Information reaching Nairametrics from reliable sources reveals the Central Bank of Nigeria (CBN) has debited 26 banks the sum of N216.1 billion as part of its CRR (Cash Reserve Ratio) compliance requirement.
Recall, Nairametrics reported two weeks ago that the apex bank debited banks about N459.7 billion for the same reason.The latest CRR debit is coming ahead of the CBN’s foreign exchange auction. A trader, who earlier spoke to Nairametrics on condition of anonymity, revealed that this has become a tradition.
“Because they don’t want banks coming with huge demands to the FX auction, what they do is that a day before the FX sales, they debit the banks so that the naira you have available is small and you cannot put them under pressure because of your FX demands,” the source said.
Among the 26 banks whose cash reserves were debited earlier today are regular “victims”, including Access Bank Plc, Guaranty Trust Bank Plc, and Zenith Bank Plc. See the full list below.
- Access Bank Plc: N5 billion
- Citibank: N11 billion
- Coronation Merchant Bank: N2 billion
- Ecobank: N9 billion
- FBN Merchant Bank: N2.5 billion
- Fidelity Bank Plc: N5 billion
- First Bank of Nigeria Ltd: N15 billion
- FCMB: N15.5 billion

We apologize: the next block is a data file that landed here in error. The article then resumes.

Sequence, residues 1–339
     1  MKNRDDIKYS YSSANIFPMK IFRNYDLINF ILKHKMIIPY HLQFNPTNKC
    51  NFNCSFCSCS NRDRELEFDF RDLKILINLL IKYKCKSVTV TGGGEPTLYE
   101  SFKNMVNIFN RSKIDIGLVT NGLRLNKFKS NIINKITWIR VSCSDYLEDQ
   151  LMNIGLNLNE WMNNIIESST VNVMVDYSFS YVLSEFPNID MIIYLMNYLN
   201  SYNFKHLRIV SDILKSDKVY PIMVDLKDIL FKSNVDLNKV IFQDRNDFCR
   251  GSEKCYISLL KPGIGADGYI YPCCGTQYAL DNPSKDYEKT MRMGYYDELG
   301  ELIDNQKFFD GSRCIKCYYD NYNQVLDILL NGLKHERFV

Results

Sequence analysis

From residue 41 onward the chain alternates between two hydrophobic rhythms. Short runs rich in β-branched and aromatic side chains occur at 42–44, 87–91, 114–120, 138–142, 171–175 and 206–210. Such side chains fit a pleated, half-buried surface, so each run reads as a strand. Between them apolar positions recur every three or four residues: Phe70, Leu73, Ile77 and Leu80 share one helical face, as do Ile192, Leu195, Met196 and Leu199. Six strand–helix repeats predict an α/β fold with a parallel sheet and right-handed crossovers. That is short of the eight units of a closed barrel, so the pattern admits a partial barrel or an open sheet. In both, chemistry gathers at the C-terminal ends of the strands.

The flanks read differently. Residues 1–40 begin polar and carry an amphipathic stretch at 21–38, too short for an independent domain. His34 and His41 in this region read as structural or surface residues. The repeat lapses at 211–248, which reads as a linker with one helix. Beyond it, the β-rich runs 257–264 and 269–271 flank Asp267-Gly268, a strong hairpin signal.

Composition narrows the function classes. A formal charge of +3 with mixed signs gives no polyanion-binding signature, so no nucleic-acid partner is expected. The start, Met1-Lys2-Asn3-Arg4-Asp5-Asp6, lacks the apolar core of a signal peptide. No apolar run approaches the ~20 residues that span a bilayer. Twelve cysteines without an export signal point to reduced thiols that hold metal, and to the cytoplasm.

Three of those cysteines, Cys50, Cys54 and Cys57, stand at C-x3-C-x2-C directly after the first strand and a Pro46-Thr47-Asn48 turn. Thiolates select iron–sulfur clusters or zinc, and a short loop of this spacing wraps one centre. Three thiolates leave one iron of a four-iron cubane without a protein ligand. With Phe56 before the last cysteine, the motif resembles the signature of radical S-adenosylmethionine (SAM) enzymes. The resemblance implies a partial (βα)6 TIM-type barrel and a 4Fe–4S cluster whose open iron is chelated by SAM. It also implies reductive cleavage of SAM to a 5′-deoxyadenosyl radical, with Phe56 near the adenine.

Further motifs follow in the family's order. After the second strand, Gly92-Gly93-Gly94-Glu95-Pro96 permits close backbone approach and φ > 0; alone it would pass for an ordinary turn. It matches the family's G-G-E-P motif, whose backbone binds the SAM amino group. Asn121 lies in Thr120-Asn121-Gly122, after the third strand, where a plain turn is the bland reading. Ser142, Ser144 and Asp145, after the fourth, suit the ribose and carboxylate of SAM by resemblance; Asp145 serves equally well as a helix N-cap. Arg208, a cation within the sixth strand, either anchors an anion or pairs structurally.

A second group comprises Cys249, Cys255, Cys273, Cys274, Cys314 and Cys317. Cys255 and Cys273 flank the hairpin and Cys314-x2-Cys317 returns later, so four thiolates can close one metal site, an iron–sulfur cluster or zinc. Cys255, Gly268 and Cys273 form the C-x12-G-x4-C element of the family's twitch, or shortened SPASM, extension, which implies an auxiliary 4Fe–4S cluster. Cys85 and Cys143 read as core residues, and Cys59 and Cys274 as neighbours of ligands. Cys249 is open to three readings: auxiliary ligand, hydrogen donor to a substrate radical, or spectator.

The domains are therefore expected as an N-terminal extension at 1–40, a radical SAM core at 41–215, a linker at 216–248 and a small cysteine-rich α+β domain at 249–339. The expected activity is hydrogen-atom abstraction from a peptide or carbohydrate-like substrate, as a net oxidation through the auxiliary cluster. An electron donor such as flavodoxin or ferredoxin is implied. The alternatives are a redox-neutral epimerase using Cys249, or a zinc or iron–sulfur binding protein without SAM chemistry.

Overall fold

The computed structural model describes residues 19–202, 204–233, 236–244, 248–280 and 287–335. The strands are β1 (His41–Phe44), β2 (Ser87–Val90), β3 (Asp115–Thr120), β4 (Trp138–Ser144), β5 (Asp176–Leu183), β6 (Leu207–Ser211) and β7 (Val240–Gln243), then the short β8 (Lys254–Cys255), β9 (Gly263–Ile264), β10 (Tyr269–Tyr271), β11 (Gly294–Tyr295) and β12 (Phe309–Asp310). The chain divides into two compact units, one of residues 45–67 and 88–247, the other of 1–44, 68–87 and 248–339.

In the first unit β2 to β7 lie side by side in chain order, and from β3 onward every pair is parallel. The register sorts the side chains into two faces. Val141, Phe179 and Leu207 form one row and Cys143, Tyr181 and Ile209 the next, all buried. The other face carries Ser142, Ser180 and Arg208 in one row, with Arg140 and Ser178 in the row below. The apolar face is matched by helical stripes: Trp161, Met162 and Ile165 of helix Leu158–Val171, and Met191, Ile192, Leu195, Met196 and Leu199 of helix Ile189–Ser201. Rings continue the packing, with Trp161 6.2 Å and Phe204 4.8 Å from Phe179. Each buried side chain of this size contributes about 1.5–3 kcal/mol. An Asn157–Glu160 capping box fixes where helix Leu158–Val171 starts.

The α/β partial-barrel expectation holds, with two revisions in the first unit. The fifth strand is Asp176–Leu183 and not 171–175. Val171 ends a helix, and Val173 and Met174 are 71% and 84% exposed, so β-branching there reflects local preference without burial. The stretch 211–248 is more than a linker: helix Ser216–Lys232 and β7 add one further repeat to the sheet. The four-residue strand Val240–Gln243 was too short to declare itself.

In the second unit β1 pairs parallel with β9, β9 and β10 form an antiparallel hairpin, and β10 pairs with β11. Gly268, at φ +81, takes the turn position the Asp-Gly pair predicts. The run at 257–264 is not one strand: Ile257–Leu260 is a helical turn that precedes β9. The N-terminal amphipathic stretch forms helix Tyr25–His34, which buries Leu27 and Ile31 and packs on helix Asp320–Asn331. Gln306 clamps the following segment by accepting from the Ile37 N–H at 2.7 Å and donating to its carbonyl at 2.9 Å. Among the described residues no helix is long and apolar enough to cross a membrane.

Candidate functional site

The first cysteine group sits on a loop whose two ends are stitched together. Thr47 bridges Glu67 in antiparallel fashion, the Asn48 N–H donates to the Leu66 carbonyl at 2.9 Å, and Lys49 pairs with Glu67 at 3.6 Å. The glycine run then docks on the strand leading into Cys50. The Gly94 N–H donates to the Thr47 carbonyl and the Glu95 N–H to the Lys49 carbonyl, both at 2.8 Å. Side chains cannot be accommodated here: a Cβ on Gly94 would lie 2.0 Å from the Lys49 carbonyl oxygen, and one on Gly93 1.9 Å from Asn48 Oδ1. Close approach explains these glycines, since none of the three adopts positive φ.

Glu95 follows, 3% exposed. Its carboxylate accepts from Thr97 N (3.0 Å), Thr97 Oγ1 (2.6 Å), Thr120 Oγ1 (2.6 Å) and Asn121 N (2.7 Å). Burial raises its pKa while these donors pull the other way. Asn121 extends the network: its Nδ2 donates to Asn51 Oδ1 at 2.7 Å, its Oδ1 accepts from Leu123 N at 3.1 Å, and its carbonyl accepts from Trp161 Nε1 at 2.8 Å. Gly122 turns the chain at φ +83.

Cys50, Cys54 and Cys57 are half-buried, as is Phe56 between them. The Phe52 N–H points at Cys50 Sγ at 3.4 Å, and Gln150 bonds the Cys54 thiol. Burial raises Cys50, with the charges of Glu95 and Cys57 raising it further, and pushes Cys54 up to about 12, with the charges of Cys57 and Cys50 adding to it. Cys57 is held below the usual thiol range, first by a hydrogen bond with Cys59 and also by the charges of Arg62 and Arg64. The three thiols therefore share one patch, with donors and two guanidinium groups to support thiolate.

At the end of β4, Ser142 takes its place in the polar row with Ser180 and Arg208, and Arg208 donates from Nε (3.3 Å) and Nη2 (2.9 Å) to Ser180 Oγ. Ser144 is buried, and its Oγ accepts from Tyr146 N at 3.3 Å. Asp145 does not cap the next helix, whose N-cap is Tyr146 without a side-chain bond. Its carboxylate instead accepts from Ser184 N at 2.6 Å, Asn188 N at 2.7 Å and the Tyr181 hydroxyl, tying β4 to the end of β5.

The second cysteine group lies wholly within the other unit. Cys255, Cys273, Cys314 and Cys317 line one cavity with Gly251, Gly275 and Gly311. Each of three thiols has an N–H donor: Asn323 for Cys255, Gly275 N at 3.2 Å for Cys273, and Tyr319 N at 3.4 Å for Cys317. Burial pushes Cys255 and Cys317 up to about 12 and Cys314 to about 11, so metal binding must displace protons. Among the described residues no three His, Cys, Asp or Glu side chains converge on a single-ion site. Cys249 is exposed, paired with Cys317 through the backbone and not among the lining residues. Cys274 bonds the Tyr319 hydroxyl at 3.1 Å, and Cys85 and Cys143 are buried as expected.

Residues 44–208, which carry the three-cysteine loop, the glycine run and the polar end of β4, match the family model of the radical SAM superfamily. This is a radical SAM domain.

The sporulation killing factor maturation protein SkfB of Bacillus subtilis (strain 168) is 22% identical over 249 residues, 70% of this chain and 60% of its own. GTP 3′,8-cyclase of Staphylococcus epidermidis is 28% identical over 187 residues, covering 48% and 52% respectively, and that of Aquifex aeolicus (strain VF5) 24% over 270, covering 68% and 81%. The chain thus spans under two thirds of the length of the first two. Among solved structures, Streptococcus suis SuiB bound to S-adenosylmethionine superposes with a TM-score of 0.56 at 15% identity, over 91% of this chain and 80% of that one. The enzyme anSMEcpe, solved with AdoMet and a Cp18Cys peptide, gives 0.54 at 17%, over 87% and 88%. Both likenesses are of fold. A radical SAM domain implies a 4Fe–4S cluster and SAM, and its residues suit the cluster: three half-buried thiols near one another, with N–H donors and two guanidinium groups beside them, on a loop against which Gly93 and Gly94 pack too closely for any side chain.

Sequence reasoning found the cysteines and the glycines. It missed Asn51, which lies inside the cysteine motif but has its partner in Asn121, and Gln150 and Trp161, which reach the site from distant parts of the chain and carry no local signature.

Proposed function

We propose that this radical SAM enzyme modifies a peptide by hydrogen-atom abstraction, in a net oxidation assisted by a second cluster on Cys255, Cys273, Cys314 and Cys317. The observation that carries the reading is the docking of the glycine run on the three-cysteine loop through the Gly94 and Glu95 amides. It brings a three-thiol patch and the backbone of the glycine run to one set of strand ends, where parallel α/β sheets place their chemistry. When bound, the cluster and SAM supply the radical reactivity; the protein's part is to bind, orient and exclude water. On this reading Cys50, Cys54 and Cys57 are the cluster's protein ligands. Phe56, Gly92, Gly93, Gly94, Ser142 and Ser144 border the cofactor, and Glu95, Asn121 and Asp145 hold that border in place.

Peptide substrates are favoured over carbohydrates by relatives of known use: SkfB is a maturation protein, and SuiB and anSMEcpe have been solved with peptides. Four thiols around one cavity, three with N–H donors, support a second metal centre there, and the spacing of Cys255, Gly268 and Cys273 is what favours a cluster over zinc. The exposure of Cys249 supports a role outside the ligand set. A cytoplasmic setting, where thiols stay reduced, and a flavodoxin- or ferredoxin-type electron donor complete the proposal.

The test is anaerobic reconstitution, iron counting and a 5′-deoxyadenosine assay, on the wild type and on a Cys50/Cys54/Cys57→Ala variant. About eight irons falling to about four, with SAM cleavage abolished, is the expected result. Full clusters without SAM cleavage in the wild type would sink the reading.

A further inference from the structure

- FSDH: N251.2 million
- Globus Bank: N1 billion
- GTBank: N25 billion
- Heritage Bank Plc: N1.5 billion
- Keystone Bank Limited: N1.4 billion
- Nova Merchant Bank Ltd: N6 billion
- Providus Bank: N1.2 billion
- Rand Merchant Bank: N335.5 million
- Polaris Bank Ltd: N6 billion
- Stanbic IBTC: N30 billion
- Standard Chartered Bank: N10 billion
- Sterling Bank Plc: N3.3 billion
- SunTrust Bank: N683.9 million
- Titan Trust Bank: N500 million
- Union Bank of Nigeria Plc: N8 billion
- Unity Bank Plc: N9 billion
- Wema Bank Plc: N567.7 million
- Zenith Bank Plc: N46.3 billion
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Understanding CRR: The cash reserve requirement is the minimum amount banks are expected to retain with the Central Bank of Nigeria from customer deposits. In January, the CRR was increased by 5% to 27.5% by the CBN Monetary Policy Committee (MPC) who explained that the decision was intended to address monetary-induced inflation whilst retaining the benefits from the CBN’s LDR policy.